High street bank Lloyds TSB was 350 million dollars (£230m) poorer today after being penalised by US authorities for illegal financial transfers.
The group - which is set to be part-nationalised by the UK Government after merging with rival HBOS - was accused of helping customers in Sudan, Libya and Iran dodge US sanctions on business transactions.
The US Justice Department said yesterday that Lloyds TSB had acknowledged "criminal conduct" and agreed to forfeit the funds in return for an end to its investigation.
In a statement, the bank said: "We committed substantial resources to a thorough internal investigation, the results of which were shared with US investigators and regulators.
"We are committed to running our business with the highest levels of integrity and regulatory compliance across all of our operations and have undertaken a range of significant steps to further enhance our compliance programmes."
Lloyds TSB said it had set aside £180 million last year to cover any potential settlement in relation to the litigation and did "not anticipate any further enforcement actions" from the authorities.
US prosecutors said that the bank's misconduct took place between 1995 and 2007. The case against Lloyds grew out of an investigation into suspicious money transfers by alleged Iranian front companies and charities in New York.
Assistant Attorney General Matthew Friedrich said: "For more than 12 years, Lloyds facilitated the anonymous movement of hundreds of millions of dollars from US-sanctioned nations through our financial system."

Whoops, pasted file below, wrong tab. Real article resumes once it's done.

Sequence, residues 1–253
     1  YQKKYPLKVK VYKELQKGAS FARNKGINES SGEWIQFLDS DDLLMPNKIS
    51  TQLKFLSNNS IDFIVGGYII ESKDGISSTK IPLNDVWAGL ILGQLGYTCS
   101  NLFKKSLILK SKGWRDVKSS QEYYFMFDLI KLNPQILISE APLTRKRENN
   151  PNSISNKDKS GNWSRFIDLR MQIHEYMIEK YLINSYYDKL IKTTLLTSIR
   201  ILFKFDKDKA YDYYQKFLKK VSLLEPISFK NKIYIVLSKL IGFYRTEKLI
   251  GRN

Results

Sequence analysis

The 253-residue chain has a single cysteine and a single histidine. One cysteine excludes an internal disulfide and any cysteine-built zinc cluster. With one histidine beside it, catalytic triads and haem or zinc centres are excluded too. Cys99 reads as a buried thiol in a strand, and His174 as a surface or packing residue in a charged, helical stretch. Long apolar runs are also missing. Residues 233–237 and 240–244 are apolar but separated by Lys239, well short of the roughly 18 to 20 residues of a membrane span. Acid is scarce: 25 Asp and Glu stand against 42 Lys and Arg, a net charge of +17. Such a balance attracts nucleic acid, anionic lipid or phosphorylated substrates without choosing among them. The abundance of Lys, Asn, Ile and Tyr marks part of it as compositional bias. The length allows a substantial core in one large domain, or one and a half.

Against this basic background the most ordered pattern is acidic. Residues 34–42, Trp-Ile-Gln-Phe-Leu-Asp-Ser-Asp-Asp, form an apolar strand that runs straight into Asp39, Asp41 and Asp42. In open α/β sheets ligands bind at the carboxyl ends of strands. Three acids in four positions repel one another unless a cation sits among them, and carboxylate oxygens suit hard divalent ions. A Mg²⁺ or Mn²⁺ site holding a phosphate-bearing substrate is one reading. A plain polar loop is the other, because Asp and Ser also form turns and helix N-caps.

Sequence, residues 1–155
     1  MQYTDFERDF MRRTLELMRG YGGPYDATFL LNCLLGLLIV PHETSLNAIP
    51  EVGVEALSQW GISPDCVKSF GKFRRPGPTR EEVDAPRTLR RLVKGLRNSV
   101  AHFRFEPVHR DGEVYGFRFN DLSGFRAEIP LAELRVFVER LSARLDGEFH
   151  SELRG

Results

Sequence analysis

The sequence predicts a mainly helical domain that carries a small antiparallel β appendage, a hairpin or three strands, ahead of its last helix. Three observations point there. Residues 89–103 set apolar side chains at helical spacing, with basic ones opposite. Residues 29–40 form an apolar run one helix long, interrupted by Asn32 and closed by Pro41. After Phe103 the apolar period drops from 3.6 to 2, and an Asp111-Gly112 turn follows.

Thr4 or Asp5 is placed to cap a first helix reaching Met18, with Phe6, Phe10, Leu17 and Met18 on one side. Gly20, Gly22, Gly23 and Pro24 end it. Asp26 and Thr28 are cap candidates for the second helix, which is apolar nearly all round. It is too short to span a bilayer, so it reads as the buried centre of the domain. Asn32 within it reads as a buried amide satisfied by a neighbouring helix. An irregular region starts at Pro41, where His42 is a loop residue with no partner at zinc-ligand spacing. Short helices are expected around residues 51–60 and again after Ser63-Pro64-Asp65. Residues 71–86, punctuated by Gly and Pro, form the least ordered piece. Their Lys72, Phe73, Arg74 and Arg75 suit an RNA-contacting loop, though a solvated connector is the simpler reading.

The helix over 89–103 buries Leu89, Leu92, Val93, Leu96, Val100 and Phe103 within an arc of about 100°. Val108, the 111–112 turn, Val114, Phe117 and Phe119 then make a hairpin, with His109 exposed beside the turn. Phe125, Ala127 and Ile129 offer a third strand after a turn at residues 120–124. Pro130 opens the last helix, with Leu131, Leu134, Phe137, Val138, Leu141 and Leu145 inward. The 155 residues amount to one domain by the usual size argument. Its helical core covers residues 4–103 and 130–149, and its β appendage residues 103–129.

After the 2001 terror attacks, the US intensified scrutiny of banks that might be moving money related to terrorists or rogue regimes.
As a result, according to court documents, Lloyds executives decided in 2003 to stop providing stripping services to Iranian banks with branches in England, though it continued to do so for four Sudanese banks until January 2007.
According to court documents, Lloyds removed information such as customer names, bank names and addresses so that money transfers could pass undetected through US banks.
This process - known as stripping - meant that more than 350 million US dollars that might otherwise have been blocked was processed by US institutions.
Lloyds TSB has agreed to forfeit half the penalty to the US and half to New York County.
In return, the Justice Department is recommending that charges against the bank be dismissed in two years.
Lloyds TSB's merger with HBOS is expected to be completed early this year. As part of the deal the new entity will accept a multi-billion pound cash injection from the Government.